The Internet and social media platforms often play spoilsport, giving away the ending of a great book or telling you what happens in the next episode of your TV series
Before the Internet invaded our lives, trends and popular culture meant tidbits of information shared by friends and family members. Once a popular series ended, there was no platform to learn more about the characters, new plots etc. The Internet seems to have changed the manner in which we consume new trends of popular culture. From running promotions on social media websites to operating fan pages and Wikia pages on the net, fans are ensuring that the characters they adore live on forever on the Net.
Sahil Agarwal, who followed the Breaking Bad and Dexter series closely says, “The Internet has ensured that I do not miss these shows. There are multiple blogs and fan pages that describe each of the characters, provide back stories to the characters and fan fiction about what happens next. Characters such as Dexter and Walter White have dedicated pages on Wikia and Wikipedia.”
Apart from fan books that boast of massive readership online, spoilers kill the mood of some Net junkies. P. Sridhar, an animation artist, says, “The Internet has become a treasure trove of information as far as popular books, movies, and TV series are concerned. I try to stay away from the Net whenever I am finishing a book or a series to avoid spoilers, which abound on the Net. Even reviews on sites such as Amazon and Goodreads are full of spoilers that destroy the fun of watching a TV series/ reading a book. When I was growing up, your friends or family were the only ones who would give out spoilers. Now, the whole world seems to have latched on to it.”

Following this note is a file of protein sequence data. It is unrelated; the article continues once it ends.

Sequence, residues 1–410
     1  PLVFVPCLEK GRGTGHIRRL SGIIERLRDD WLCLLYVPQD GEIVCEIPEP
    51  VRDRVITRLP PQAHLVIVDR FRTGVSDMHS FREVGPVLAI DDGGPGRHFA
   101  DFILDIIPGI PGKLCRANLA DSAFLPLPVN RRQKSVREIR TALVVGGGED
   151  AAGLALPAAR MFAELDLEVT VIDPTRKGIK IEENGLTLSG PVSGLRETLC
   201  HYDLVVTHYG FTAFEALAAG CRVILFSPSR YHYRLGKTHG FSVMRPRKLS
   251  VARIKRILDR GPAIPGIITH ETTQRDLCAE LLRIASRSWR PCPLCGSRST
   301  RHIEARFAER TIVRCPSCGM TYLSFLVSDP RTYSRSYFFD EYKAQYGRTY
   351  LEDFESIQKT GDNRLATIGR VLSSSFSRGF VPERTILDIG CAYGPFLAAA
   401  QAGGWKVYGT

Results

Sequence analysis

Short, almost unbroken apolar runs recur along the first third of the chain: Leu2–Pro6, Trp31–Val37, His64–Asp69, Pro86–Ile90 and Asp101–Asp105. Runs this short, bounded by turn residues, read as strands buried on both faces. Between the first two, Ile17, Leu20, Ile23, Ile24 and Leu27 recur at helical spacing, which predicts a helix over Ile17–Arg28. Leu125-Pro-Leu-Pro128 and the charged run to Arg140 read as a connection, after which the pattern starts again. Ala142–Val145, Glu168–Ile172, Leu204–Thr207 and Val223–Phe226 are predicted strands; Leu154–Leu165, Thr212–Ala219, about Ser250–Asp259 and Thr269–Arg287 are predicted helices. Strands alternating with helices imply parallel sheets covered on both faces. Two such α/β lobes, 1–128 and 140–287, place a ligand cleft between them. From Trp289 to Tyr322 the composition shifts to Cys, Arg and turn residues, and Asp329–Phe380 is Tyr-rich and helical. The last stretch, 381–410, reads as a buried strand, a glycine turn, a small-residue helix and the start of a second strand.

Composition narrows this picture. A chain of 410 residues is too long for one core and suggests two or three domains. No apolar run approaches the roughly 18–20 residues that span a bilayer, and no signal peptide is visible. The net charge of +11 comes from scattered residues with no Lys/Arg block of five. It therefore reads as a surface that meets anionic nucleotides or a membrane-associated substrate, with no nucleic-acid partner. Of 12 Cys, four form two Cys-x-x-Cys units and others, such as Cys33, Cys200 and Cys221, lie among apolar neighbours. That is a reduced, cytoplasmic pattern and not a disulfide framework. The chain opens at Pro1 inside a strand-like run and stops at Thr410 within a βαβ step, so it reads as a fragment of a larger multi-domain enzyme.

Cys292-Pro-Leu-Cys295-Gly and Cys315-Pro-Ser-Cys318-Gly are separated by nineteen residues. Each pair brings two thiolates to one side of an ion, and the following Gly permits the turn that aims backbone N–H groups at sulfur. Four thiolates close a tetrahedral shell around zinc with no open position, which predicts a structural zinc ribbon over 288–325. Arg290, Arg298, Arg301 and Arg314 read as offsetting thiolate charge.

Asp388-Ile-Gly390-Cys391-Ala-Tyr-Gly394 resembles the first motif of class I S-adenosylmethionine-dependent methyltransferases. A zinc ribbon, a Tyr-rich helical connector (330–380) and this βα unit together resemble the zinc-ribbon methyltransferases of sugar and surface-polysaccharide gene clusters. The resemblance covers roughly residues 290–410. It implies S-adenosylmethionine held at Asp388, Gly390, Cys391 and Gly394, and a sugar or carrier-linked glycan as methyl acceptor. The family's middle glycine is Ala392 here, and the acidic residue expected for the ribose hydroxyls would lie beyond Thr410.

Samanth Pathak is a fan of Harry Potter in particular, and young adult fiction. He contends, “When Harry Potter was not as popular and the Internet was just about making a mark in India, I would have to hunt online forums for any information about the series. It all changed after the movies became popular. People got interested in the books and at the eve of every launch, tons of spoilers flooded the online space. You no longer needed a pesky friend to tell you the ending of an engrossing book/TV series. The Internet would do that job for you.”
Over the past few years, new age popular culture phenomena have fallen prey to the social media. “If a popular series has one bad episode, it is torn apart on social media websites. The attention span is limited, especially since more choices are available,” says engineer Anurag Arora. He adds, “I think the social media users must use the medium responsibly and ensure that the experience of watching a good series/reading a good book is not tarnished by the spoilers.”
Spoilers notwithstanding, many feel that the Internet and social media platforms have ensured more engagement. “A TV episode just lasts 50 minutes a week. Following the fan pages ensure that I learn more about the characters, can relate more to what they do everyday. It adds to the connect that one feels with the series. Some of the fan fiction is good enough to make for standalone novels of their own. I do think that even the craze around Harry Potter and the revival of interest in the Lord of the Rings is to do with the Internet age,” quips Samanth.